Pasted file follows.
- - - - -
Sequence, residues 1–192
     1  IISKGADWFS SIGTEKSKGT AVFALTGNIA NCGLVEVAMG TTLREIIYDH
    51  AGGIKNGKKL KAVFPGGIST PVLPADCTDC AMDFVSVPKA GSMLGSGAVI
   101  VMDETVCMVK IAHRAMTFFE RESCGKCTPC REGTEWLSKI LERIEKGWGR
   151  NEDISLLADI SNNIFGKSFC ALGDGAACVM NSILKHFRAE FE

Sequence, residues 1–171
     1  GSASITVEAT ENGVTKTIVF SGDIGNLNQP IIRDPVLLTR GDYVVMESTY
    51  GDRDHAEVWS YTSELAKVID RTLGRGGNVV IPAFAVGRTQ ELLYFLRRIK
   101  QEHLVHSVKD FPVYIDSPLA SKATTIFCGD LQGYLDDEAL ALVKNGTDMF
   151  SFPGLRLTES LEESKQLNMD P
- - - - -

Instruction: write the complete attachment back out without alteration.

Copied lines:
Sequence, residues 1–192
     1  IISKGADWFS SIGTEKSKGT AVFALTGNIA NCGLVEVAMG TTLREIIYDH
    51  AGGIKNGKKL KAVFPGGIST PVLPADCTDC AMDFVSVPKA GSMLGSGAVI
   101  VMDETVCMVK IAHRAMTFFE RESCGKCTPC REGTEWLSKI LERIEKGWGR
   151  NEDISLLADI SNNIFGKSFC ALGDGAACVM NSILKHFRAE FE

Sequence, residues 1–171
     1  GSASITVEAT ENGVTKTIVF SGDIGNLNQP IIRDPVLLTR GDYVVMESTY
    51  GDRDHAEVWS YTSELAKVID RTLGRGGNVV IPAFAVGRTQ ELLYFLRRIK
   101  QEHLVHSVKD FPVYIDSPLA SKATTIFCGD LQGYLDDEAL ALVKNGTDMF
   151  SFPGLRLTES LEESKQLNMD P